Before last June’s general election the overwhelming Westminster consensus was that a Labour Party led by Jeremy Corbyn stood no chance of winning. History (1983, Foot and all that), countless polls and some seemingly telling by-election results (Copeland in particular, the first gain by a governing party since 1982, in a seat Labour’d held since 1935)—all appeared to indicate that an unreconstructed left-winger like Corbyn couldn’t win. No way. And he didn’t, either. Given the post-election triumphalism found among some of his supporters that much must be acknowledged.
That said the Labour leader still achieved a quite remarkable turnaround, in that despite losing he emerged from the election with his reputation greatly enhanced. Meanwhile, deprived of a majority and facing calls to resign, Theresa May was left fighting for her political life. Whichever way you look at it this was a stunning reversal of fortunes. A moral victory even, that’s all the more impressive when considered alongside the state Labour was in when Corbyn became leader and the wall of hostility he’s had to contend with ever since.
Corbyn, it must be remembered, took over a party that was fast becoming a bureaucratic, power-obsessed husk of itself, afraid even to defend its own record in office. The moral crusade Harold Wilson said Labour must be had been replaced with managerial listlessness, empty slogans and timid acceptance of the Conservative narrative on austerity. The party had lost its soul, and as the infamous ‘EdStone’ seemed to attest, its brain, too. A fresh approach was needed. Consecutive election defeats, a dwindling membership and the humiliation of losing Scotland to the SNP made that clear, at least to the Labour rank-and-file.
Yet what started out as a rebellion against a party elite intent on trading values for votes but ending-up with neither thereafter transformed into something much bigger. In face of a largely dismissive commentariat, concerted Tory smear campaign and numerous enemies within, Corbyn has shown that another way is not only possible, but popular. His kinder, gentler, more principled style of doing politics—together with a unreservedly redistributive economic programme grounded in humane notions of fairness and basic decency rather than impersonal considerations about book-balancing—has resonated widely. With the young in particular. And with young women above all.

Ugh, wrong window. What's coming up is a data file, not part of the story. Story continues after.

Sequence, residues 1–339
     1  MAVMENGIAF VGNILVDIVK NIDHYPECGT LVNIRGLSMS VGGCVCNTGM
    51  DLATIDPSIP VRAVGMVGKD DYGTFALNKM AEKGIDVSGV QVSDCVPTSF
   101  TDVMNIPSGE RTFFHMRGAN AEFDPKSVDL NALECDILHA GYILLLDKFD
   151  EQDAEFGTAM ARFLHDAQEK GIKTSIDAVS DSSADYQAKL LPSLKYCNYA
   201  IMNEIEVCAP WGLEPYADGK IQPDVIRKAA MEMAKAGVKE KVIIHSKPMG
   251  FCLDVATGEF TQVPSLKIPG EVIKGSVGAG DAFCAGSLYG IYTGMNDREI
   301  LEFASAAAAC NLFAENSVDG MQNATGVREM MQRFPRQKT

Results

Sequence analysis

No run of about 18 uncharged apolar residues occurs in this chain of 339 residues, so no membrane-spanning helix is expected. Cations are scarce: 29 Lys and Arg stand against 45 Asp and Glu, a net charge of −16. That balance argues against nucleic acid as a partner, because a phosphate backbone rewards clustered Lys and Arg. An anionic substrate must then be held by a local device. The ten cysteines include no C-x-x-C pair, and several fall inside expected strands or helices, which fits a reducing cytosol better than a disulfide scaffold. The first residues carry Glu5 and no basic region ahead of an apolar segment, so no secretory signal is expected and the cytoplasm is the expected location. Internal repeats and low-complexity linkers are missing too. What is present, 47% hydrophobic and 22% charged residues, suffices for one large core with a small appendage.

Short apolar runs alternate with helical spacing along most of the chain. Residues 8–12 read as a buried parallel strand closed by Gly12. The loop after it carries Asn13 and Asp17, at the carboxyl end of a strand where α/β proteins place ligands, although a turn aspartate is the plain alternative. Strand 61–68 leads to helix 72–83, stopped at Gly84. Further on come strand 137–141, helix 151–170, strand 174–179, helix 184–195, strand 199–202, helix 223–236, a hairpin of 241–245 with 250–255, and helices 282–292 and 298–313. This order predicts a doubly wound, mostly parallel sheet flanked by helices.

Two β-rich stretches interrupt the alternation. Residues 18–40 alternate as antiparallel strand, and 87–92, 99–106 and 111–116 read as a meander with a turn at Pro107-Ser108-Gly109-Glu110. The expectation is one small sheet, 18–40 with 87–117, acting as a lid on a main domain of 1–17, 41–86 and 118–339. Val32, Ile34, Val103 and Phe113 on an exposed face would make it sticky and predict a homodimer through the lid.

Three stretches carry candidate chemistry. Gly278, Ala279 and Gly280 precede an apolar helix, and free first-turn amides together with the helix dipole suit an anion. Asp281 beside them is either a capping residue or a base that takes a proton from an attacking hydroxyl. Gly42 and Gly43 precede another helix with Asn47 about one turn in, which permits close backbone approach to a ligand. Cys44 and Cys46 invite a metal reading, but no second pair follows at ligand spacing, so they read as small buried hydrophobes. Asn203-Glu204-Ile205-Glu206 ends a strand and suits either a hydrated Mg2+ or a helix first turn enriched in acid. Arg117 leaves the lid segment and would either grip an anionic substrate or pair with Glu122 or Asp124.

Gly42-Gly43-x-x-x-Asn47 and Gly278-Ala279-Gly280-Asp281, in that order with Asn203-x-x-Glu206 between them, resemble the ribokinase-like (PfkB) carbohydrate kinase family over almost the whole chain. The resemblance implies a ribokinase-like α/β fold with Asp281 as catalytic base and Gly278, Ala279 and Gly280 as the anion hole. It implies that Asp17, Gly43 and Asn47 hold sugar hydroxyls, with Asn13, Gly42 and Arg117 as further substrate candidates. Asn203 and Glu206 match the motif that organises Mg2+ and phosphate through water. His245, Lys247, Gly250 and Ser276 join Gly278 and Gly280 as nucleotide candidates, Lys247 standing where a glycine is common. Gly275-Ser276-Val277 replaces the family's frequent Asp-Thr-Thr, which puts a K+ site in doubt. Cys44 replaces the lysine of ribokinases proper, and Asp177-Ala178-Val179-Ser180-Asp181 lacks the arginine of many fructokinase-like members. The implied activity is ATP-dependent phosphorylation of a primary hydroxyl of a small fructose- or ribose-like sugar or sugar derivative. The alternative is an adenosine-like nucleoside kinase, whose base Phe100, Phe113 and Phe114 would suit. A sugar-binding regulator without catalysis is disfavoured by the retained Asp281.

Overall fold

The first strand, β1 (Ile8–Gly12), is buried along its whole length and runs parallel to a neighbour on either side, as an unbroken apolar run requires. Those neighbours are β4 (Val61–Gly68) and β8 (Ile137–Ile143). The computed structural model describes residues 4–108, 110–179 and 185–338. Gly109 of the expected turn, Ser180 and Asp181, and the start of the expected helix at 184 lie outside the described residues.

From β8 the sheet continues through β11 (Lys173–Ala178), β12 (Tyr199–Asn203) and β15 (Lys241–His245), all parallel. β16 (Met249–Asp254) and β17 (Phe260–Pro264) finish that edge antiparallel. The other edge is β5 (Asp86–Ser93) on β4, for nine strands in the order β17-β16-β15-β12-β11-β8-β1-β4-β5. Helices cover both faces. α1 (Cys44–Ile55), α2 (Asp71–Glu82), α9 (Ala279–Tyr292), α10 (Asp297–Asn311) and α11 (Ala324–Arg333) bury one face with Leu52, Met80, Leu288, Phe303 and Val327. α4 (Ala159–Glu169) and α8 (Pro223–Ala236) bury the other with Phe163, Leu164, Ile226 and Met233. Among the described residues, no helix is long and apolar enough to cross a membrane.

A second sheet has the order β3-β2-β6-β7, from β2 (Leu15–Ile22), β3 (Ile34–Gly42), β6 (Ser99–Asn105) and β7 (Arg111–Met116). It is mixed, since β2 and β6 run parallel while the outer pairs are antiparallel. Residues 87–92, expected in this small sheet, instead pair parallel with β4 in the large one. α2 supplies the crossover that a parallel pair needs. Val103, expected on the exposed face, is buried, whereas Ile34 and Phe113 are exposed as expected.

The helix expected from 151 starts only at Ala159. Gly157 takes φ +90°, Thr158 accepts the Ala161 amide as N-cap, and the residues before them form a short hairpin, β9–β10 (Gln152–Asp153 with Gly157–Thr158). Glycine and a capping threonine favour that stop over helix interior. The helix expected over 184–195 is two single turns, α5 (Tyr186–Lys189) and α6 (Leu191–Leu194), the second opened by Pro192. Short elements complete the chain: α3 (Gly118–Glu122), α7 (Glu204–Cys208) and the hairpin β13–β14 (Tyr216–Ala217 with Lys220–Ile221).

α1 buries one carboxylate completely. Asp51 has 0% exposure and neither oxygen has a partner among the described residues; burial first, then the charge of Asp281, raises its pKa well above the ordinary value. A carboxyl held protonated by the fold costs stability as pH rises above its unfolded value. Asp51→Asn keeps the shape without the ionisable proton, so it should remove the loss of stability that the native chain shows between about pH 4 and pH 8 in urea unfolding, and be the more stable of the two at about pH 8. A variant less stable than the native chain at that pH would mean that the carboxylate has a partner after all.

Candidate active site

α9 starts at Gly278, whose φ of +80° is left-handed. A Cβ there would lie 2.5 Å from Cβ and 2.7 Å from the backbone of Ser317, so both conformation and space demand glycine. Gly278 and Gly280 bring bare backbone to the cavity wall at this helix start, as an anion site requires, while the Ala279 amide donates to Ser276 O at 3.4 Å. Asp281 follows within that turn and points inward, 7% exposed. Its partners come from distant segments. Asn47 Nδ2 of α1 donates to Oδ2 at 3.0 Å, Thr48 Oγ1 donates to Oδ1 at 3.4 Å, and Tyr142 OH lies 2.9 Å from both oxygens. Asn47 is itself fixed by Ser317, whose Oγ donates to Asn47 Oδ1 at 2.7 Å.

In what represents a clear vindication of the ‘movement from below’ philosophy he’s long advocated, under Corbyn’s leadership widespread disenchantment with a stale, image-obsessed and increasingly morally-bankrupt Westminster Realpolitik has been channelled into a confident, vibrant, and yes, at times decidedly pugnacious expression of mass democracy. It’s a refreshingly inchoate development that, though it borrows some of the language and attitudes of the old socialist left Corbyn hails from, also contains the seeds of something qualitatively different, not least because of how the internet has been used to both organise and proselytise.
As the man himself would doubtless recognise, Corbyn’s as much product as cause of this movement. However he’s played the part of figurehead with admirable resolve and skill, weathering all that’s been thrown at him, and for this deserves great credit. Those who mocked and dismissed him, hostage to the idea that he was leading his party towards certain oblivion, have singularly failed to understand both his unique personal appeal and that of the kind of distinctly British and mild radicalism outlined in the Labour manifesto. Corbyn’s supporters were written off as irrational cultists and naive dreamers, as ideological lepers outwith the rest of the electorate, all because they had the audacity to think it better to vote for what you want and not get it, than to vote for what you don’t want and get it. Yet what his critics missed was that it was precisely because the Labour leader offered a positive alternative, precisely because he transformed anger over austerity and inequality into hope that a better world was possible, that he was able to get people to turn out for him at the ballot box in numbers that come election night left many seasoned political analysts amazed.
Corbyn did all this, it should be noted, at the same time as dodging several bullets. Labour is a party caught between a rock and a hard place. Several of them in fact. In order to get into power it must come up with a programme that appeals to both pro-Brexit, anti-immigration white working-class northern voters, as well as to anti-Brexit, pro-immigration southern voters from a more diverse range of ethnic and social backgrounds. In addition to this conventional wisdom has it that Labour also needs to move left in order to recover Scotland, yet shift right if it wants to make progress in the Home Counties. And if that wasn’t enough the party must also find a way to square the circle of having a leader elected on an anti-Trident ticket with the fact that most of the affiliated trade unions which fill its coffers favour renewal.
Mission impossible maybe. Yet through a big dollop of finesse and a pinch of sophistry Corbyn kept these contradictions from coming to the fore. Perhaps most significantly for Labour’s long-term fortunes there was no repeat of what happened after the Scottish independence referendum. The widely touted UKIP challenge in Labour’s northern heartlands failed to materialise, in no small part because despite edging towards remain Corbyn’s studied indifference towards the whole issue did not alienate pro-Brexit voters during and after the EU referendum. (Unlike his predecessor Ed Miliband, that is, who in happily campaigning with the Tories over Scottish independence severely damaged Labour’s standing north of the border.) More significant again, by doing better than expected but not winning Corbyn arguably delivered what from a certain perspective can be considered a very good—maybe even the best possible—outcome for Labour. The Conservative government’s been left to carry the can for Brexit while Labour waits in the wings, primed and ready to play the role of national saviour.